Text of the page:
and the Neolithic Age (meaning New Stone Age) was from 8000 b.c.

Prior to reaching the Neolithic, humans experienced a transitional stage known as the Mesolithic. The transition to agricultural life commenced ca. 10,000 BC, when the most recent glacial period ended, giving rise to a warmer (and thus more farming-conducive) global climate. The beginning of the Mesolithic age is consequently placed at ca. 10,000 BC; the ending, however, varies by region.

Difference Between Paleolithic and Neolithic

The Paleolithic Age, Greek for

Difference Between Paleolithic and Neolithic | …

The years between the epoch when Upper Paleolithic man hunted the last herds of reindeer in south-western Europe and the age when semi-civilised invaders ploughed the first furrows there and put the first flocks out to pasture, make up the Mesolithic and the Neolithic.

It must be admitted, however, that there were already pastoral and agricultural Neolithic men in Africa and Asia Minor at a time when Europe's Upper Paleolithic was at its zenith.

The so-called Neolithic peoples were in reality the issue of Upper Paleolithic tribes which had migrated.

Human Prehistory, Paleolithic/Neolithic Ages …

The origin of Saharan naturalistic rock art - mostly Neolithic - and its relations with the Upper Paleolithic art of western Europe remain open questions, as does that of its relations to the south-east with the rock art of Tanganyika and South Africa.

lived in small nomadic groups (30-50 people) 2

As described above, the Neolithic age was achieved far earlier in Eurasia than elsewhere. Since Neolithic life was the crucial prerequisite to urbanization, Eurasia experienced the rise of cities thousands of years before the rest of the world. Consequently, Eurasia has given rise to most of the world's civilizations, including the four current "global civilizations": Western, Islamic, South Asian, and East Asian (see ). The modern global political and cultural landscape has been shaped primarily by Eurasia and its colonial offshoots.

constantly moving Neolithic Era: 1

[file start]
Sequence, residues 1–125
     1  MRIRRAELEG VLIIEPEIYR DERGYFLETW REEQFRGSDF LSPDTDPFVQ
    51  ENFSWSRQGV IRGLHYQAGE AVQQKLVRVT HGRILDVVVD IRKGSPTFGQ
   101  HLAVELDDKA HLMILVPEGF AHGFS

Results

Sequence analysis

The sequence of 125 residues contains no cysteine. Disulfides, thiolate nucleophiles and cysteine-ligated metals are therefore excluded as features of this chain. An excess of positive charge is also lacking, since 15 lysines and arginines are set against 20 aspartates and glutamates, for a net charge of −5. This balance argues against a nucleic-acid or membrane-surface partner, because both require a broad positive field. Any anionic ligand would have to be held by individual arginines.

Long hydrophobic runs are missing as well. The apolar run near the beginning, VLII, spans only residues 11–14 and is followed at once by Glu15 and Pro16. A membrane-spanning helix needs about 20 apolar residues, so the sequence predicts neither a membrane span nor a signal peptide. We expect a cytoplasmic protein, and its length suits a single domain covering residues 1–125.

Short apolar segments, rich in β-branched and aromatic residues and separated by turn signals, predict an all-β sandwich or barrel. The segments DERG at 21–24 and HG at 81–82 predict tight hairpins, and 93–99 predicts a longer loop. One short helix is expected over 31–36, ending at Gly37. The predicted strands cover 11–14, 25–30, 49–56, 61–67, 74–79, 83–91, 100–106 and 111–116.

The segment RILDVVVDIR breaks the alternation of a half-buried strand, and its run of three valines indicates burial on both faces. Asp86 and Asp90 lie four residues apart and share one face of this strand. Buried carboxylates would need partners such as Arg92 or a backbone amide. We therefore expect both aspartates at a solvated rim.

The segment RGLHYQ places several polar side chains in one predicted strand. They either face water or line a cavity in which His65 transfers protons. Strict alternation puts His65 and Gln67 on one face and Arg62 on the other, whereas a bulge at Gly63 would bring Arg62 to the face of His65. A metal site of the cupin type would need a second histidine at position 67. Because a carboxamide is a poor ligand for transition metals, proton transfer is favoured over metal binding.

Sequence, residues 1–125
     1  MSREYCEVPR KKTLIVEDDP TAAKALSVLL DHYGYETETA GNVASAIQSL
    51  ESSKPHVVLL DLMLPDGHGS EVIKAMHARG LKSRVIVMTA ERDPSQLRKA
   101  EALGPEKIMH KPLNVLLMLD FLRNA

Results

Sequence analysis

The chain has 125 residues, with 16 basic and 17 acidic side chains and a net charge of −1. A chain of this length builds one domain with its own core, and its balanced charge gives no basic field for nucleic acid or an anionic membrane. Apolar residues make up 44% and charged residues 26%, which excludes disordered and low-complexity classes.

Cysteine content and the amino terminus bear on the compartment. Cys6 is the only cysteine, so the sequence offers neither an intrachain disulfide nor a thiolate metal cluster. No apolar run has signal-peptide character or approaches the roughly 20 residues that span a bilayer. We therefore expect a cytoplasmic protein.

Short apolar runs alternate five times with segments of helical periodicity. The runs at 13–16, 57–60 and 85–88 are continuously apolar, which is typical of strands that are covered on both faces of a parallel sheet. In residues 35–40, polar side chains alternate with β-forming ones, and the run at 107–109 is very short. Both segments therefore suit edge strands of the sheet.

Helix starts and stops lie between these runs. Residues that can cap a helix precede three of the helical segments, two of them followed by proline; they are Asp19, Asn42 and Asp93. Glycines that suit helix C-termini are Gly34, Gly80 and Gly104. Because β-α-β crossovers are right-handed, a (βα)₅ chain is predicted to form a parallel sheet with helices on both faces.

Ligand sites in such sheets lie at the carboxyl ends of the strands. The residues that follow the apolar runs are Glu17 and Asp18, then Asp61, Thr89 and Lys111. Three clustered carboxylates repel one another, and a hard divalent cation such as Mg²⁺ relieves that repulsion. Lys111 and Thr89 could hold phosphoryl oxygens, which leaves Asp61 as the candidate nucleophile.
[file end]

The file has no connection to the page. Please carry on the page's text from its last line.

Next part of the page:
- about 3000 b.c.
Living Conditions
Paleolithic Age
Nomadic Life
They followed their food
Made tools/weapons
Discovered fire
Developed Language
Learned to polish stone tools
Made pottery
Domesticated animals
They settled into villages
Food Source
Hunted their meat
Gathered their fruits and vegetables
They ate seafood
They also gathered nuts and seeds
They didn't depend on hunting as much
Developed agriculture
But once again, they ate fruits and vegetables
They believed in animism
Which is the worship of animals
They had their own traditions and rituals
They had their own intended burials
Towards upper Paleolithic time, they had begun to believe in supernatural
Buried dead with treasures, weapons, food, drink
Worshiped totems and drawings or paintings
Used paintings to communicate in some way
Made their own tools to hunt and make other things
Usage of fire
Created pottery to use for storage
The invention of the wheel to use for transportation
Agriculture to farm
Life after Neolithic Revolution
Life has changed very drastically after the Neolithic Revolution.

Paleolithic and Neolithic Ages - YouTube

Starting from the Neolithic and Bronze ages; touching on important dynasties and their roles, certain philosophies and cultural changes from about 10,000 B.C.E.

Paleolithic vs. Neolithic Ages by Dhiann VandeBogart on Prezi

It has become debatable if agriculture produced Jordon Childe’s ‘Neolithic Revolution’ or that it served ulterior purposes in religious and social agendas but it is certain that it spread across the world possibly through natural cause or the direct influence of human activity.

Paleolithic vs. Neolithic | MR. MEINERS SIXTH GRADE …

The Neolithic age was succeeded in Eurasia by the bronze age. In a given region, the bronze age is considered to begin when bronze becomes a much-used material for practical objects (i.e. tools and weapons). The term "bronze age" is generally not applied if only a few bronze tools are being made, or if bronze is only being used for jewellery.